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Born on this day in 1966 in Belfast is Anthony Gerard Patrick Rogan, commonly known as Anton.

Hailing from the West Belfast area of Lenadoon, Anton learned his football trade as a youth at St Oliver Plunkett FC, while also playing Gaelic football for St Paul’s, and joined the big time with Distillery. Despite suffering two leg breaks, his career progressed and he achieved his boyhood dream of playing for Celtic when he signed on May 9th 1986, aged just 19. His debut came the following January, when Hamilton Academicals were beaten 8-3. Usually a left back, he also played on the left side of central defence, and his 128 League games included those that helped the Bhoys take the League and Cup double in their centenary year of 1988. During his Celtic days he won his first caps for Northern Ireland, but the fact that he played for Celtic meant that he faced sectarian abuse and chants from so-called fans when he played. When Neil Lennon faced similar problems, Anton commented that he silenced the "boo boys" with his first tackle against Poland - "my first tackle put a poor Polish lad a mile high". He only managed one international goal, but it went in at the wrong end as he opened the scoring for Spain in a World Cup Qualifier in December 1988.

There was another Cup win with Celtic in 1989, and a third final in 1990. However, this one, against Aberdeen, ended 0-0 after extra time (Anton having obviously done his defensive duties well) and went to penalties. After nine shots each, the score was 8 apiece, and up stepped Anton – who missed, leaving Aberdeen’s Brian Irvine the chance to win the cup with his kick, which he did. There weren’t many goals, but his most celebrated was the opener in a 3-0 win over Rangers in 1991.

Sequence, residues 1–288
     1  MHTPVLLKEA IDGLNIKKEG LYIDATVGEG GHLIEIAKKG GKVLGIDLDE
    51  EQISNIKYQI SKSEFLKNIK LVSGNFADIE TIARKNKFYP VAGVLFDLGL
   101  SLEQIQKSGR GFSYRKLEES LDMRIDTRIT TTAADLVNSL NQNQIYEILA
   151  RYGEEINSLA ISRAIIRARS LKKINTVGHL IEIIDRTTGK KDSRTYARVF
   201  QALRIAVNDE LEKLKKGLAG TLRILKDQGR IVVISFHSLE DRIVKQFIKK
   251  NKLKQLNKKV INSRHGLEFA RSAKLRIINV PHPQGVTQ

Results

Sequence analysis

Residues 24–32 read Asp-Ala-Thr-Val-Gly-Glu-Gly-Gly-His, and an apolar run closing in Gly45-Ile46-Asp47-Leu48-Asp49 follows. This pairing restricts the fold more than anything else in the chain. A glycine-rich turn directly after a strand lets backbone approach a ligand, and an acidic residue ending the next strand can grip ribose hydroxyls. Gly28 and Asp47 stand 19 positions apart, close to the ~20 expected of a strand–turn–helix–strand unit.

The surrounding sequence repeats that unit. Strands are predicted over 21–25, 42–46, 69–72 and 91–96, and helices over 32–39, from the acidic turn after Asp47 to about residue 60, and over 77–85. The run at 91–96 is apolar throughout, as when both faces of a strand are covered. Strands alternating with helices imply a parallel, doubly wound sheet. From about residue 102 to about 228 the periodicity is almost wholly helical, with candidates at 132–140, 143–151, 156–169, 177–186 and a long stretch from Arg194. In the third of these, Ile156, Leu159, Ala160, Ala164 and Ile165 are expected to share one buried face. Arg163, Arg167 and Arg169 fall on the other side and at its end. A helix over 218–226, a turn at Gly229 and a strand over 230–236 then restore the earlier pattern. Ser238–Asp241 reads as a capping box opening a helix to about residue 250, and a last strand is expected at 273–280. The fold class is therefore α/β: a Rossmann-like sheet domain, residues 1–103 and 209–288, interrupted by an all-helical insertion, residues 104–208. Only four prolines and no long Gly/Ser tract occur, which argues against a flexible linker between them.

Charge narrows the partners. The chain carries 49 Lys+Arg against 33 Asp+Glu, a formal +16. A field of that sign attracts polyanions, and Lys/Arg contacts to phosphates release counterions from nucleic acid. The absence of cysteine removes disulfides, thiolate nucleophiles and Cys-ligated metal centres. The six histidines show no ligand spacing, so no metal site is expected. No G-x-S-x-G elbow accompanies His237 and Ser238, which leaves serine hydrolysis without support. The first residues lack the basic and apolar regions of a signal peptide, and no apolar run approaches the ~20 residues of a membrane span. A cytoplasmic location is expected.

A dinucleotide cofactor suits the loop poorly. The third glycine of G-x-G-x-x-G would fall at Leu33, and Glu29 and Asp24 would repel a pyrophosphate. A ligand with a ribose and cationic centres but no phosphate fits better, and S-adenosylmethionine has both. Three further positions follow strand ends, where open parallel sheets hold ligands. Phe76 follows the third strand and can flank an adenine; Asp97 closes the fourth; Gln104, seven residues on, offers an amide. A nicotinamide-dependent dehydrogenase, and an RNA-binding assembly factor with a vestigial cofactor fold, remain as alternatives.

After five years at Celtic new boss Liam Brady decided that Anton was surplus to requirements and, much to the player’s disappointment, accepted an offer of £350,000 from Denis Smith. Anton joined other recent arrivals John Byrne and loanee Peter Beagrie as Smith looked to bolster our squad in the push for promotion. He quickly became a popular player, using his strength, pace, and ability in the air to dominate opponents. According to his contemporaries, he was a proper character off the field, and he featured in all eight of our FA Cup ties as we reached the final. A calf injury to John Kay robbed Anton of his usual full-back marra, with Gary Owers filling in – but we all know what the score was in that game. Even so, Anton, and the rest of the Sunderland team, were erroneously presented with winners’ medals, and held onto them for about twenty minutes until the mistake was rectified. Not long before that final, he’d scored his only Sunderland goal –a bit of a screamer, and the fourth in a 2-2 draw at Brighton, just after the half hour.

Anton was back in the side the following season, but a broken leg in that 5-2 defeat at Peterborough (remember the song about the ref, to the tune of Ebeneezer Goode by The Shamen? Ask yer dad) meant that was his 57th and last Sunderland game. In the summer, we accepted £250,000 from Oxford, where he spent the next two seasons, playing 58 League games before invoking his personal two-year rule and moving to Millwall, where his old Celtic team-mate Mick McCarthy was in charge. Another two years and 36 league games brought eight goals – a decent return for a defender – before he switched to Blackpool. After only two games, he suffered an injury that ended his season, and on recovery he stayed for another season before retiring.

After football he settled in Oxfordshire to run a taxi company in Woodstock, and regularly appeared in charity matches and testimonials like a good ex-pro.

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